February, though, marks the end of the winter season, with average temperatures varying between 39.6°F and 56.7°F. Snow is a very rare occurrence in Jordan, but if it happens, it might just be what’s needed to make your stay even more exciting and special.

Heavy rainfall at this time may lead to tour delays (or worse, cancellations!), so going with the flow is key if you want to have a good time in Jordan.

Finally, if you find yourself in Jordan in February, add the annual Aqaba Traditional Arts Festival and the Azraq Festival to your entertainment list to experience a joyful atmosphere. The former honors Bedouin cuisine, while the latter celebrates handmade crafts, culture, and versatile art.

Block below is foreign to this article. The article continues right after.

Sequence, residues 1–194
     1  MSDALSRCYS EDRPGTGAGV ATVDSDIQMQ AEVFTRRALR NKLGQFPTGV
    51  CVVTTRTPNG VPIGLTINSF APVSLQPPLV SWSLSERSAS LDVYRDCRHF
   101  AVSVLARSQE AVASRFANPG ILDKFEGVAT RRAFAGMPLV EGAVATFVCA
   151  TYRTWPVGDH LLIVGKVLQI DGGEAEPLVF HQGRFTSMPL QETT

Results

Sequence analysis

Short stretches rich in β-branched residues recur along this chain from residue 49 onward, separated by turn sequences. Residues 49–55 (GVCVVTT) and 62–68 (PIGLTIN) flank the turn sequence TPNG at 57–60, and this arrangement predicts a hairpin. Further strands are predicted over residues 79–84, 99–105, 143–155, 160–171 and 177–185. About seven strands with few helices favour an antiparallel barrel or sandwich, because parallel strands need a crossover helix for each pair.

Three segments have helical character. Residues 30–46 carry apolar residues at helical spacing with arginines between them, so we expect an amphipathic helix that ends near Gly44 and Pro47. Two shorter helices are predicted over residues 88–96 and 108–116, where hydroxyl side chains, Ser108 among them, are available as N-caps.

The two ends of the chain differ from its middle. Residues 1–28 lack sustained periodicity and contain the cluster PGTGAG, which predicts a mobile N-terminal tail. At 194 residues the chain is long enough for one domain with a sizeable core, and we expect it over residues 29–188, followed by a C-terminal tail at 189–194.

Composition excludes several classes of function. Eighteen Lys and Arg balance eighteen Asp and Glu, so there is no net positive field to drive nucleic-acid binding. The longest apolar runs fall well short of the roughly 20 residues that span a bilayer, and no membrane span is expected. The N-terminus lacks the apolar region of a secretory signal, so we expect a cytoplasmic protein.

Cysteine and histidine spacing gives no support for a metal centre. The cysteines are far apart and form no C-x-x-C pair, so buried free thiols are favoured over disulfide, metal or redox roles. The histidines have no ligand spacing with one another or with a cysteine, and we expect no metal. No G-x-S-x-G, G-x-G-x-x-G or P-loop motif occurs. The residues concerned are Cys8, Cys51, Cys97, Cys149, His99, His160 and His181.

Least Busy Time to Visit Jordan

Photo of an empty street in Amman during the least busy time to visit Jordan with trees and neat stone buildings on either side of the street

19/02/2019 Amman, Jordan, dirty streets of the Arab capital with a lot of people and cars on a sunny day in Ramadan/Leshiy985/Shutterstock

If you wish to face fewer crowds during your Jordan trip, consider visiting in January. A cool winter month, January has average temperatures between 38.6°F and 54.1°F.

It’s also the month with the most rainfall, with 63 mm of precipitation on average. However, there’s nothing that a solid winter-proof plan can’t fix.

You could go to museums, attend various workshops, visit churches and marvel at the architecture, and enjoy Jordanian cuisine indoors in some foodie-approved restaurants.